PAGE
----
When the Kansas City Scouts moved to Denver in 1976, the team urged fans to come out and see "Rocky hockey." For its owners, it was a rocky venture, indeed.
The Colorado Rockies went through three owners and millions of dollars before being sold and moved to New Jersey after the 1981-82 season. Armand Pohan, part of the second group, told the Denver Post that Denver "is still a small-market city" and warned prospective purchasers, "I would suggest that they take a long and hard look before they go into it."
COMSAT Entertainment Group looked and took the leap last week, when it bought the Quebec Nordiques for $75 million. COMSAT believes hockey will make it this time because Denver has grown since 1982, as have the NHL's TV and merchandising revenues. (Pohan said his club's TV revenue one year was $20,000 and its losses were $5 million). Also, Pohan--like Jack Vickers before him and Peter Gilbert after him--had a bad arena lease. That won't be the case for the soon-to-be-renamed Nordiques because COMSAT owns the NBA's Denver Nuggets and will finance the new arena the teams are to share starting in the 1997-98 season. The teams can also split marketing and administrative costs.
COMSAT might be correct. But regardless of the baseball Rockies' success, Denver is still a boom-bust town, and if the economy sours, hockey tickets will be the first luxury to go. There's also little corporate support to fill luxury boxes and cushion the effects of a financial pinch.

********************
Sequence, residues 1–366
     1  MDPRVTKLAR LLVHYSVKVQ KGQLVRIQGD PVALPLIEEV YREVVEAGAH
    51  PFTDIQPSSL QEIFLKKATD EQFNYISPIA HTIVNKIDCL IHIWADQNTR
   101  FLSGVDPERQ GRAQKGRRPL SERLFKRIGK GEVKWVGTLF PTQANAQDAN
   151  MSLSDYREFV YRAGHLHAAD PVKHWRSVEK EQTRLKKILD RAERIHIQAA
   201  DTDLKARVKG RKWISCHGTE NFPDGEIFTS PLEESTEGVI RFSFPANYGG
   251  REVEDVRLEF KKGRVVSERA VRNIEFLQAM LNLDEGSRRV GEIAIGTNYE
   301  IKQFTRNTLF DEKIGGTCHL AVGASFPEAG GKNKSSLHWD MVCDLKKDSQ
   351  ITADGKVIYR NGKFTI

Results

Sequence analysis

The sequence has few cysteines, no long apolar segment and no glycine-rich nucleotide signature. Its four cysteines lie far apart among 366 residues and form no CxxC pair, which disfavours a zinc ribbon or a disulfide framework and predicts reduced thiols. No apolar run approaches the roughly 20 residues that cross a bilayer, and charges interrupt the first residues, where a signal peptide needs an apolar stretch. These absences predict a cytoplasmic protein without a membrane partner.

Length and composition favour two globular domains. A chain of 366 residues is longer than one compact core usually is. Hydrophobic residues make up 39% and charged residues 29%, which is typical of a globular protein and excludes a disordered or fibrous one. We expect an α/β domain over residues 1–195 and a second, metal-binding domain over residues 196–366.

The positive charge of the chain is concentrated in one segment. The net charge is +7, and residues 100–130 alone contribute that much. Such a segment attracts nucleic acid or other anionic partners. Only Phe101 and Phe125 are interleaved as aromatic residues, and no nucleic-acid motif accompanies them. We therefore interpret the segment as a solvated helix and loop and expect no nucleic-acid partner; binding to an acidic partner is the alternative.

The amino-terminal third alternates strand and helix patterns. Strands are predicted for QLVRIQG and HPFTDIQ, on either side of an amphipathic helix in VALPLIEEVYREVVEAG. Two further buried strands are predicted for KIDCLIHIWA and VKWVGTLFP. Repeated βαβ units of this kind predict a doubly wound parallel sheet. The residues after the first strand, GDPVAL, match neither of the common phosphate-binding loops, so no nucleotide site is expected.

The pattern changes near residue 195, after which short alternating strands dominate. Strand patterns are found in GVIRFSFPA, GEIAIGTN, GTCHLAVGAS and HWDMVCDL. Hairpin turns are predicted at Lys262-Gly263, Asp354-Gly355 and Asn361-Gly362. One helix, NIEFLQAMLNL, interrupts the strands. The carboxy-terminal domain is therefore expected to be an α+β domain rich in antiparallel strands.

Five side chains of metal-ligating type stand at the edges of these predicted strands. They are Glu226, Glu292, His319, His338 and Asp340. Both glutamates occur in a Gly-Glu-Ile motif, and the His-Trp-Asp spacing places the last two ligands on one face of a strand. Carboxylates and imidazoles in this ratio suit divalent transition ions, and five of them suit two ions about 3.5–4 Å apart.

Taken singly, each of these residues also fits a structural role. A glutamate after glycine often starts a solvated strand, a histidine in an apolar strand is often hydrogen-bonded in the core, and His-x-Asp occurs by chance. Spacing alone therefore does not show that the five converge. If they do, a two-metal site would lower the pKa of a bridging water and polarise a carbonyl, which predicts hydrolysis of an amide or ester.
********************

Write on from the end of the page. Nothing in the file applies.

Western Conference clubs aren't happy about the move, even though slotting Denver in the West and moving the Toronto Maple Leafs to the East will cut travel time and costs. They fear the level of competition will rise, delaying the playoff timetables of teams such as the Mighty Ducks and Edmonton Oilers. The Leafs are on the decline and might have been passed for a playoff spot next season, but the young, high-scoring Nordiques are only a defenseman away from joining Detroit as the class of the conference. The playoff wanna-bes could make things interesting if they react by acquiring better players, but they'll make fans pay for bigger payrolls by raising ticket prices.
The NHL keeps Winnipeg, loses picturesque Quebec City and gains Denver, which has a history of NHL failure and a misbegotten, out-of-the-way airport. Not even King General Manager Sam McMaster would make that deal.
GRIN AND BEAR IT
The biggest losers in Denver are the International Hockey League's Grizzlies. Already second to the Nuggets in the pecking order for dates at McNichols Arena, they could fall to third behind the Nuggets and the Nordiques--or they might be forced out. They're in the first year of a five-year lease that's renewable every July 1 at the city's option, and the city might decide two hockey teams in one building is one too many.
The Grizzlies, who lead Kansas City, 2-0, in the best-of-seven IHL finals, drew about 12,000 fans per game this season thanks to ticket prices that averaged about $11. NHL prices averaged more than $33 last season.
"In a way, we think the NHL coming here is a tribute to what our franchise in Denver has accomplished and what the league has accomplished," said Tim Bryant, the IHL's vice president of communications. "When you look at how well the Grizzlies have been received, it tells you people would rather take their family to a game for a total of $40 than have one person go for $40."